Editorial: The recall was a bad idea, but now that it’s on, it needs to be fairly run

Opponents asked for signatures for the "Recall Gavin Newsom" campaign on January 19, 2021 in Fair Oaks, California.
Opponents asked for signatures for the “Recall Gavin Newsom” campaign on January 19, 2021 in Fair Oaks, California.
(Gina Ferazzi/Los Angeles Times)

The recall election of Gov. Gavin Newsom hasn’t been underway for years. It only feels that way because his critics have been trying to unseat him — unsuccessfully so far — since he took office in 2019.

And there’s a while yet to go until recall election day. No one knows how long the wait will be, thanks to recent changes that have extended to absurd lengths the process to certify and schedule the election, giving the entire endeavor a frustrating uncertainty.

Experts have speculated that the vote probably will be held in November. A last-minute bill being pushed by Democratic lawmakers, however, could dramatically shorten that timeline by waiving some provisions in state election law, allowing a recall vote as soon as August.


While getting this political farce over months earlier is mighty appealing, it shouldn’t be a rush job.

For one thing, county registrars who have been anticipating a November recall say they won’t be ready to hold an election until mid-September at the earliest. They are urging Lt. Gov. Eleni Kounalakis, who has some flexibility in scheduling the date of the election, to ensure they have enough time to prepare.

For another, rewriting the rules mid-course in a rushed and undemocratic process (the bill was introduced June 11 and could be passed as soon as this week) just to serve a political goal — in this case, helping the governor avoid removal — is wrong.

Election laws should be altered only to advance democracy, not to protect a single elected official. It’s especially galling because the provisions Democrats are seeking to waive in order to speed up Newsom’s recall election were pushed by them four years ago to slow down another Democrat’s recall election.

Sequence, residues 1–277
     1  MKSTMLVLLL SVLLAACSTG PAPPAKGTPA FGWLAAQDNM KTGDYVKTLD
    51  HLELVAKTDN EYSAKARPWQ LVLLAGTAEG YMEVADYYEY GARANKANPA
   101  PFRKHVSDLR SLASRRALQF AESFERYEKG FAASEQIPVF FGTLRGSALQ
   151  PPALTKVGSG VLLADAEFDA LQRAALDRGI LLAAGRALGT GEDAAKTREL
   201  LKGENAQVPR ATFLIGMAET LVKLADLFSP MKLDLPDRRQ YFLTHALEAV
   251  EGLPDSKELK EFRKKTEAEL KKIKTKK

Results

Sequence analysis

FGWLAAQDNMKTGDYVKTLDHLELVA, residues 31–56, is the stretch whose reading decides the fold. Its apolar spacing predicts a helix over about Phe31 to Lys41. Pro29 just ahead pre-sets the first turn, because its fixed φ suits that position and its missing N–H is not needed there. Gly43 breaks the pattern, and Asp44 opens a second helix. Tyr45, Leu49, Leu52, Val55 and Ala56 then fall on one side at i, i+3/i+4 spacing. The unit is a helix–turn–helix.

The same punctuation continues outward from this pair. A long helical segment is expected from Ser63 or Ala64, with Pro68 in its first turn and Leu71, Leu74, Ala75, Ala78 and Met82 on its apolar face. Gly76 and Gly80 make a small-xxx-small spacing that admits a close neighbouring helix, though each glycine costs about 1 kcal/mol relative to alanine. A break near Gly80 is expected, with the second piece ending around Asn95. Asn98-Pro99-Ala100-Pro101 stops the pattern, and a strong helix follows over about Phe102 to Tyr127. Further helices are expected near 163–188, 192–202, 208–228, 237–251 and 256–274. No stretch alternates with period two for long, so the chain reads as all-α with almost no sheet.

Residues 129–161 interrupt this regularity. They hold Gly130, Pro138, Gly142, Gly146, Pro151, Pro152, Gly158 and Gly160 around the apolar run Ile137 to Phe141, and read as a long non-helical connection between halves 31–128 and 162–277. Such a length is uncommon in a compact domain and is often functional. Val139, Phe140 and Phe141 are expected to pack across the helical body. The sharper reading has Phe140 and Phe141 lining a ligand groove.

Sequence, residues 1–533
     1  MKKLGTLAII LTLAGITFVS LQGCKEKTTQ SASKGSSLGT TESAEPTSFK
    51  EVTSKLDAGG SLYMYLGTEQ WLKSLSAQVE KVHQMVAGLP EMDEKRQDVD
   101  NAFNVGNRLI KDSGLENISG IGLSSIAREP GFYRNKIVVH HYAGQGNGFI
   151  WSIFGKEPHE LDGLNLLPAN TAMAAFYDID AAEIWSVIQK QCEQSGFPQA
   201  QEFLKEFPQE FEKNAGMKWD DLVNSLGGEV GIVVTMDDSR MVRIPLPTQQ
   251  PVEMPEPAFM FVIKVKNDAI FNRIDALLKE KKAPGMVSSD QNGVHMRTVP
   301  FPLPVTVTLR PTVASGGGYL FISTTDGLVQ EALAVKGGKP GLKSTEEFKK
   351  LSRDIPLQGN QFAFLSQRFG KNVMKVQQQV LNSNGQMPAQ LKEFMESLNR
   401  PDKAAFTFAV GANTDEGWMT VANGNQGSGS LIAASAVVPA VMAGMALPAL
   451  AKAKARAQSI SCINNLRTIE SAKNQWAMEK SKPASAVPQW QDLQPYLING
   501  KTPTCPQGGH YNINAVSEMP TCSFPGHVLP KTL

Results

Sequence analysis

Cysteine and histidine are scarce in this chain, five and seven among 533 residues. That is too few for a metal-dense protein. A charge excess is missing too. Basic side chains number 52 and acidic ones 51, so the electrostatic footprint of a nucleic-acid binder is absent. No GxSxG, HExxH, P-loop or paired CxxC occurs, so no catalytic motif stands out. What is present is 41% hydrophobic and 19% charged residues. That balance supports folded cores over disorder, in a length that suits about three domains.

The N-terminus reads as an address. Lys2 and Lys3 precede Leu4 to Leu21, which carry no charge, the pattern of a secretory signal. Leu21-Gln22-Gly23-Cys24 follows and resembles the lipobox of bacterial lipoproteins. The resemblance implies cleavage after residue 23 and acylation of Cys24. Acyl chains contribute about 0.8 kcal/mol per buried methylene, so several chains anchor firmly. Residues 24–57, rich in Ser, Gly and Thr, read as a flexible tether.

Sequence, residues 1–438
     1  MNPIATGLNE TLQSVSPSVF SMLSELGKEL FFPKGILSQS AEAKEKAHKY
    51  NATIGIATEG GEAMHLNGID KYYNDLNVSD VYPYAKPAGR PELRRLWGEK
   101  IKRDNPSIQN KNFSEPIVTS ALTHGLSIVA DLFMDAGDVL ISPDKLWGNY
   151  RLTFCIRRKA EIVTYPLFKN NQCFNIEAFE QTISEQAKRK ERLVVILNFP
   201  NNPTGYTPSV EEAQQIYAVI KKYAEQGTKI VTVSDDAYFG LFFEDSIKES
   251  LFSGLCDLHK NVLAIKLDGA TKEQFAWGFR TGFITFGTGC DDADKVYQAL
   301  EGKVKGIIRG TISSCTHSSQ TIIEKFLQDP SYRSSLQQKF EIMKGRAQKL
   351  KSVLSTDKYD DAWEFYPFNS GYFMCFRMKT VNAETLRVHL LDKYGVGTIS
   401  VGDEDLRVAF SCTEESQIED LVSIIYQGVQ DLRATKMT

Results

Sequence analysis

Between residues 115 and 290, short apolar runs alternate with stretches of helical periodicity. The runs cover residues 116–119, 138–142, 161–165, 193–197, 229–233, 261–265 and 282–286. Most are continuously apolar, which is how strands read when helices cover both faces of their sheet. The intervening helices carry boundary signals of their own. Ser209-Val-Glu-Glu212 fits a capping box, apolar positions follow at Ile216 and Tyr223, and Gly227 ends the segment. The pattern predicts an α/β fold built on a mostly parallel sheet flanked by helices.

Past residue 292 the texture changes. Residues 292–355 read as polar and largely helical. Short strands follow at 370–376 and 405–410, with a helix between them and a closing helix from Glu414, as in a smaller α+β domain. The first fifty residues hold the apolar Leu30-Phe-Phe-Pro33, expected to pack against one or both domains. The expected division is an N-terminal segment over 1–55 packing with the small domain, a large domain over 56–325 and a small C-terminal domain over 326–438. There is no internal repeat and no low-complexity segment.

At the time, Sen. Josh Newman (D-Fullerton) was targeted for removal by Republicans because of his support for a gas tax hike. That was a pretext, though, as Newman was one of 81 legislators to vote for the tax. More likely, they were aiming at the Democrats’ supermajority status in the Legislature.

It was a nakedly self-serving recall effort by the GOP, and Democrats responded in an equally nakedly self-serving way: trying to tilt the election by ramming through new requirements for recalls that added more than two months to the certification process. (Specifically, the law gave people who signed recall petitions a chance to withdraw their names and avert a recall, and it required the Legislature to do its own analysis of the cost of an election.) It was an obvious attempt to save Newman, but it didn’t work. He lost the seat, though he did win it back in the next regular election.

Democrats evidently believe now that stringing out the recall election is not in Newsom’s best interest. At the moment, the governor’s approval rating among likely voters is comfortably high, and the pandemic blues that drove some of the recall rage have lifted along with the stay-at-home restrictions. Things could get even better by November, of course, but they can also get much worse once fire season heats up and power companies start shutting off power to millions of people to avoid setting wildfires.


The state’s procedures for recalling elected officials may well need some updating, and it seems clear that the slow-walking measures enacted by the Legislature in 2017 weren’t such a great idea after all. But the time to make substantial changes is after the election and as part of the normal legislative session when proposals can have a proper vetting — informed by the perspective gained from another recall.

To be clear, we have no love for this recall. Its proponents have violated the spirit of the law by trying to oust the governor not because he’s proved himself corrupt or unqualified but because they disagree with his policies. Nevertheless, they have abided by the letter of the law. And Newsom’s supporters in the Legislature should do the same. If that means an extra month or two of waiting for a recall election that shouldn’t be happening, so be it.